People soon forget and move on with their lives. There is no time nor room for remembering or recalling the days of yesteryears. The truth of the matter is someday I too will be soon forgotten (hopefully not for many years come)—and so will many of you who read this article. Whether or not I choose to post my parents pictures on their birthdays now becomes a personal exercise—and matters not to anyone except me. It is a personal act of remembering and love.

Selective Memory

I’ve learned in my studies and research that memory is selective. To remember is a normal part of the activity of the human mind. The most important part of a memory is the emotion or emotions it brings. Posting my parents pictures on Facebook and Instagram is an emotional and personal activity that gives me joy in remembering. My personal memories of them however will do very little (if anything) to change the world or the way people think and live. Nevertheless, my memory of them has become a spiritual activity and exercise that keeps me grounded in life and to “contend earnestly for the faith which was once for all delivered to the saints” (Jude 1:3).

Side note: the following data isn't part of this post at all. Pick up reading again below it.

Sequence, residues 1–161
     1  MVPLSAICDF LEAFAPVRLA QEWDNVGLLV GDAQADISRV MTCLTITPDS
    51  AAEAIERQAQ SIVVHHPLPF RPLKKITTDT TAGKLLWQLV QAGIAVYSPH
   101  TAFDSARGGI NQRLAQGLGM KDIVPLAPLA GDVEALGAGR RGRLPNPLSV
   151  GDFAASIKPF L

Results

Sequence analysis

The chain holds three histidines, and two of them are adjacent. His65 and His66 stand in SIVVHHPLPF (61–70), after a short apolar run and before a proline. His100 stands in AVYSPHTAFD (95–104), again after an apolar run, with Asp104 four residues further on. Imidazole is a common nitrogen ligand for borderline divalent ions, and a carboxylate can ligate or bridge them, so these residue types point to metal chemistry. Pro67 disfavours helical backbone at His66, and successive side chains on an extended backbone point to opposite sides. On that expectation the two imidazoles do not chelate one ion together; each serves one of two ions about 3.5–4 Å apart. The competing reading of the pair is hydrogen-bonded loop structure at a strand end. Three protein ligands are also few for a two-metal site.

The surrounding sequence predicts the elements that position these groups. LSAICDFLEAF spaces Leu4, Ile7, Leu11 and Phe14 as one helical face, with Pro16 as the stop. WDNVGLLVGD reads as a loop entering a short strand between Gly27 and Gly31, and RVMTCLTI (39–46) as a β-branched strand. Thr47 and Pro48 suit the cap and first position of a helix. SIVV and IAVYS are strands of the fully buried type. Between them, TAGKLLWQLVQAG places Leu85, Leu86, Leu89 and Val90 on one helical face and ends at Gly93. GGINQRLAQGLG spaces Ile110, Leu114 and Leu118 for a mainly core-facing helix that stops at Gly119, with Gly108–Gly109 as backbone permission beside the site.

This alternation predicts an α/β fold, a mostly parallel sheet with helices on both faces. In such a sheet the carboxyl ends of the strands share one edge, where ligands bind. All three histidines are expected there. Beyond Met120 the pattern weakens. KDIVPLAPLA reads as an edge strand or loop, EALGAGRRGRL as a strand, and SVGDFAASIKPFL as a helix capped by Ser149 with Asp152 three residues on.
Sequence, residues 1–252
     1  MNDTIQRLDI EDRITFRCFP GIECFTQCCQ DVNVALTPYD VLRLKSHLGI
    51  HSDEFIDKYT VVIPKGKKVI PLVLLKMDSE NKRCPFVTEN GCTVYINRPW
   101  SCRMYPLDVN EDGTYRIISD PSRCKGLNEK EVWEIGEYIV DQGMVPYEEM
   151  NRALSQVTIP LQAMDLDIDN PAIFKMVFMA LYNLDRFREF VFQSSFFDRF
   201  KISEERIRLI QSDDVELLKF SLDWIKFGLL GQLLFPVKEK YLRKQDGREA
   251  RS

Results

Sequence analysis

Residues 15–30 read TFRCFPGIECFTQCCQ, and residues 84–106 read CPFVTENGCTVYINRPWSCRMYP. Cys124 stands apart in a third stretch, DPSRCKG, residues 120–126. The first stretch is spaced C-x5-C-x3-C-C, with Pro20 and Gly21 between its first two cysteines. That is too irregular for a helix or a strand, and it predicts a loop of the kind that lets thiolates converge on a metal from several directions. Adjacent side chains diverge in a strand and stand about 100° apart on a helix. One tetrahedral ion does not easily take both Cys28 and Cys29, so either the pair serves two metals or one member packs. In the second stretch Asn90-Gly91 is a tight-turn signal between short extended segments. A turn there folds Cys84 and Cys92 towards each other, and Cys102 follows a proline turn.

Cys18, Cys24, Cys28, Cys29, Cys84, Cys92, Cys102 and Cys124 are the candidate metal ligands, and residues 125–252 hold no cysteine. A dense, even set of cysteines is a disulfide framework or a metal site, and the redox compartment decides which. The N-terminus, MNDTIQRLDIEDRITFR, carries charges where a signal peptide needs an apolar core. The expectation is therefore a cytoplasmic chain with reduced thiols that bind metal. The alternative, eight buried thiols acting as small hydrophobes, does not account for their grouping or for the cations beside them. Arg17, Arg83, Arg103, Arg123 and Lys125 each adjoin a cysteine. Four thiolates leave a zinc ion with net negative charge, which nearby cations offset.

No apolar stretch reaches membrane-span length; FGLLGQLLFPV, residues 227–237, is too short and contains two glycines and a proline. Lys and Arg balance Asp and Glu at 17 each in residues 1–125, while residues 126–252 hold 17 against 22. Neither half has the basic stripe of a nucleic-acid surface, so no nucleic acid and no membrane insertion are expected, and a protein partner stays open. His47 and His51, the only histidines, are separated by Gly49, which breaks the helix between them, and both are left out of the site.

For anyone who remembers my mother and father I think will agree they were humble, caring, selfless and unselfish, giving, and loving people. They genuinely loved and cared about people. Like so many Christians they too loved their Savior and Lord, Jesus Christ, and his Church until death. There was nothing more central in their lives than serving the body of Christ and His Church. Church was their life. Service was their calling.

However, on a more personal note, I have too many memories about them that I will not share here, less I weary the reader (which I may have already). When I think of all the wonderful and amazing things they accomplished and did together in life—and the sacrifices they made for our family and the Church—I am overwhelmed with love, thanksgiving, and emotion. It is precisely these emotions which allows me to learn from my experiences so that, in the future, I will know how to make decisions that will help me stay in a more pleasant state of mind.

Unconditional Love

While I sit here writing this short piece, I can honestly and truthfully say that I never felt unloved by my mother and father. My parents loved me, unconditionally—the good and the bad. But more importantly, they loved one another. It was their love for one another that kept them through many hardships, sufferings, and trials. It was their love that sustained them when others did not speak well of them. It was their love that motivated them to trust and have faith in God when prayers seemed unanswered. They believed anything was possible through prayer and faith. They loved and honored their vows to one another “until death.”